In his third blog post Keith discusses how running the play can help performances, the importance of clear vowels when speaking Shakespeare, and playing a fairy.
Transcript of Podcast
Running the play
We are starting to do runs on Saturdays now, which are very helpful, as I can see both the pitfalls and the positives in the play as a whole. The first run was very encouraging, as it was very fluent: scenes flowed into each other very well. The second half needs more work than the first, as you'd expect, seeing that we've rehearsed the first half more, but in general it was very good. This production will begin with the whole cast coming on-stage, then going to sleep. As each character's name is mentioned, or as they become involved with the action of the story, they wake up. Each character will have a li-lo, or some pillows and blankets to fall asleep on, things that will remain on-stage for the whole show. We were a bit worried that they might become a hindrance at certain points in the play, but doing runs has shown us that we can use them throughout the show without them seeming false to any situation.
"Points of Concentration"
We made a good breakthrough the other day, when Mike introduced us to an exercise he calls "Points of Concentration." We pretty much know the scenes now; we know our lines, we know what our character wants at particular points, and we know what actions are particularly appropriate for our characters in certain situations. In this exercise, Mike asks us to put all these ideas to one side and concentrate instead on a different fact or thought. For example, he would ask us to concentrate on the fact that it's very cold in a particular scene, and see how that affects our performance. This has been especially useful in the lovers' scene (Act iii, scene 2), where the point of concentration is simply that it's very, very dark. By focusing on this, we all ended up on our hands and knees, crawling around the stage, feeling our way around. Not being able to "see" each other made the language more open and real; we discovered things about it, and ways of saying it, that we'd never found in standing up and talking to each other.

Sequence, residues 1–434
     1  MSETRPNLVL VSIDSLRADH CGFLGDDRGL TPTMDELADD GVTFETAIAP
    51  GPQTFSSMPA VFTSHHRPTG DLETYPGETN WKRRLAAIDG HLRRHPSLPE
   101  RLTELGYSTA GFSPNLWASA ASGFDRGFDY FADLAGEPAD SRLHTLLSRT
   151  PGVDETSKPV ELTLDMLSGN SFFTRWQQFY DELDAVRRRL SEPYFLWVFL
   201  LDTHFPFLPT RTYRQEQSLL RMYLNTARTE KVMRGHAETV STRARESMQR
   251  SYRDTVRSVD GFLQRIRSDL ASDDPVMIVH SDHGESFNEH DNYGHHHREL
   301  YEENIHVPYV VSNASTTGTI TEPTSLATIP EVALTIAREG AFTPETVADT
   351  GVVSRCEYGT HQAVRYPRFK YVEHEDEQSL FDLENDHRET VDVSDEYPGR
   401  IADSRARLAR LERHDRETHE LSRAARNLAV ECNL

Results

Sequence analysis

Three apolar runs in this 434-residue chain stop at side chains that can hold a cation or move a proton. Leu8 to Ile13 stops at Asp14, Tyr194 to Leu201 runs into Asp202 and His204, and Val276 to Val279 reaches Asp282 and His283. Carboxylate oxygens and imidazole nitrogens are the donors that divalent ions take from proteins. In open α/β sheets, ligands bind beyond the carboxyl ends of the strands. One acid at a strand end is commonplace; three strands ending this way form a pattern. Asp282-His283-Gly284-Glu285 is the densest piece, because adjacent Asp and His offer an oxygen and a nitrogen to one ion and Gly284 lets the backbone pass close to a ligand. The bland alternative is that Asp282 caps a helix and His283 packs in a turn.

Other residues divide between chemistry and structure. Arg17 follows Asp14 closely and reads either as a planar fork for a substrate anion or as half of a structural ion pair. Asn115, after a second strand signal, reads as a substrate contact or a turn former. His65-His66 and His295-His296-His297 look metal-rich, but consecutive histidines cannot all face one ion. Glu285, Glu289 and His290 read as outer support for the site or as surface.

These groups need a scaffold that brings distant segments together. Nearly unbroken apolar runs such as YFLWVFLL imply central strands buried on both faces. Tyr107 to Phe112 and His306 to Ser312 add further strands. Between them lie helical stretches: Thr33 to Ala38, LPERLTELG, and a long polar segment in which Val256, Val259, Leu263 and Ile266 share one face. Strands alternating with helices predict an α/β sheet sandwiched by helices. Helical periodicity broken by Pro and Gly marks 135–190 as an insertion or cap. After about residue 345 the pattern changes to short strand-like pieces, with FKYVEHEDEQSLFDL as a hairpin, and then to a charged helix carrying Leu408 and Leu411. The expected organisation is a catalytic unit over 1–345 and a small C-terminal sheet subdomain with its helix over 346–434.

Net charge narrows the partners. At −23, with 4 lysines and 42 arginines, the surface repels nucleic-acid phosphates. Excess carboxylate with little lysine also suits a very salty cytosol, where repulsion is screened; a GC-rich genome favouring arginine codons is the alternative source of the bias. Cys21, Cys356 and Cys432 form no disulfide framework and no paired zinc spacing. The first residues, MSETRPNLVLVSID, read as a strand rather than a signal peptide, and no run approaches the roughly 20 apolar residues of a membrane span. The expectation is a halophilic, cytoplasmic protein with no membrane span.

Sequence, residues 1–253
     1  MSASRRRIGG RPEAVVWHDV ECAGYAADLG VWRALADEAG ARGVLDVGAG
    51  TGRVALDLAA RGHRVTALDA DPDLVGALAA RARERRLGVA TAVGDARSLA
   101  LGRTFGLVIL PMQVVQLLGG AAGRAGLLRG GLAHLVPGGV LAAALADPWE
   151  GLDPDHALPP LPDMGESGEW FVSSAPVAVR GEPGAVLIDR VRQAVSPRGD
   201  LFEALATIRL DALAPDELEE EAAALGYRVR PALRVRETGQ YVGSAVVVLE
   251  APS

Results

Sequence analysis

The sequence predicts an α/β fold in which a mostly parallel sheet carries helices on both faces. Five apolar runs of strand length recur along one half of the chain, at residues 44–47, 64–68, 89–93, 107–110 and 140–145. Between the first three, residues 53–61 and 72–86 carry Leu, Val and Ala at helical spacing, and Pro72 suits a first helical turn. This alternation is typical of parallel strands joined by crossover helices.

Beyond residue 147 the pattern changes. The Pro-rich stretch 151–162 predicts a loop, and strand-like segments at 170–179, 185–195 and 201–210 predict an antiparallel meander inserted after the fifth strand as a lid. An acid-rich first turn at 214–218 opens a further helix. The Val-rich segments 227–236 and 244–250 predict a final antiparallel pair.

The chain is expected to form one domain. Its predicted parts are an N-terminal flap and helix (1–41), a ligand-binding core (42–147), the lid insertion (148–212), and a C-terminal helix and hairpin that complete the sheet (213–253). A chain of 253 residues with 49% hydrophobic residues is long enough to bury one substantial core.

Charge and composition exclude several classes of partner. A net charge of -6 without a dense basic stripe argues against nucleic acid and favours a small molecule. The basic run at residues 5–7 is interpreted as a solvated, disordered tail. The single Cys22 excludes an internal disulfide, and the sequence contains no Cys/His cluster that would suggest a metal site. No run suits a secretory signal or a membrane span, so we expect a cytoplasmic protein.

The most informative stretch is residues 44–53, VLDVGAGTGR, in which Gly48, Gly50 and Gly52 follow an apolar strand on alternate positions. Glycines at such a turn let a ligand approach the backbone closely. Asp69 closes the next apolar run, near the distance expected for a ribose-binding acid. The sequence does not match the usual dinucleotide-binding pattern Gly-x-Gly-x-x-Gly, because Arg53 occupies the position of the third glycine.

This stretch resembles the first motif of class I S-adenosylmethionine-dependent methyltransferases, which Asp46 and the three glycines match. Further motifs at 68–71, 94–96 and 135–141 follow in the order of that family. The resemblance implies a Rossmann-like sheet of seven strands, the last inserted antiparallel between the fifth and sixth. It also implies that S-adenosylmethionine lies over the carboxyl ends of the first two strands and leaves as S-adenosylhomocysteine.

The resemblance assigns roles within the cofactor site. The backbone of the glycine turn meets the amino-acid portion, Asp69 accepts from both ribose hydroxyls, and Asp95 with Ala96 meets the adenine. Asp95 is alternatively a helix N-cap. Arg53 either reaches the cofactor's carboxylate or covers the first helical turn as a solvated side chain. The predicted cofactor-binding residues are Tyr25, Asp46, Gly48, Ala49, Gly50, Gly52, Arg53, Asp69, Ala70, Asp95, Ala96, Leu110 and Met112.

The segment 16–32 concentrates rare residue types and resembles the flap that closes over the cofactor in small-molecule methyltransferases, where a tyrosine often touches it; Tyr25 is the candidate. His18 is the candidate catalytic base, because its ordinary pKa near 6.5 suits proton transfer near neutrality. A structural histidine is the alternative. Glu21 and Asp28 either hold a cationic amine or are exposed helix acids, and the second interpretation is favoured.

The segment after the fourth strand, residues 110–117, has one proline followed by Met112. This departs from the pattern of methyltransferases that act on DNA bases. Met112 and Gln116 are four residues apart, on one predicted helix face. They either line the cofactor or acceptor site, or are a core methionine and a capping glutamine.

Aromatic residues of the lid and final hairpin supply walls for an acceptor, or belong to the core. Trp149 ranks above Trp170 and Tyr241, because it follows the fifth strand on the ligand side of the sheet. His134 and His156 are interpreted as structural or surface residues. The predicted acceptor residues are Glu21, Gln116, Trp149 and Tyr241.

Voice and Vowels
We've also been working with Stewart [Pearce, Master of Voice] on our clarity of speech, especially on our vowel sounds. Vowels add weight to the way words sound. In normal life, people generally speak very quickly. If you just give the words a bit more time, the text comes alive. We (the lovers) were looking at scenes as a group. For each line, we picked out the vowel sounds and discarded the rest. Having played with the vowel sounds, we then went back to the original line. It's amazing how doing this brings the line to life; knowing the line as its simplest sounds helps us to deliver the line much more clearly than before.
Rehearsing on the Globe stage
We did some scenes on the Globe stage for the first time this morning, which was quite a scary experience. The scenes all feel very raw at the moment, and the space feels very open. I think it's impossible to be totally naturalistic on that stage; your physicality needs to be slightly bigger than in real life. Still, it's a fine line; it mustn't be so overly physical that the characters appear untruthful to themselves and the situation they are in. I think that Demetrius is very strong and upright, and very smooth in his movements. In contrast, when I'm playing a fairy, I try to be much lighter and faster.
Usually, I'm one of Oberon's fairies, but Mike [Alfreds] said today that he would like me to be in the scene where the fairies sing Titania to sleep, because I sing a bit. The fairies are on stage for a lot of Oberon and Titania's scenes, and we're being encouraged to interact with them, whilst at the same time not taking anything away from what they're doing. Sometimes, we pick them up and make them "fly" around the stage. Paul [Higgins, who plays Oberon] is very good, and a very receptive actor. As a result, we always know when he wants us to be there with him and when he wants us to leave him alone. All of this movement, especially because it's not actually blocked, means it's important that the company know and trust each other. This is one of the reasons it's brilliant that we have a relatively long rehearsal period.
These comments are the actor’s thoughts or ideas about the part as s/he goes through the rehearsal process – they are simply his/her own interpretations and frequently change as the rehearsal process progresses.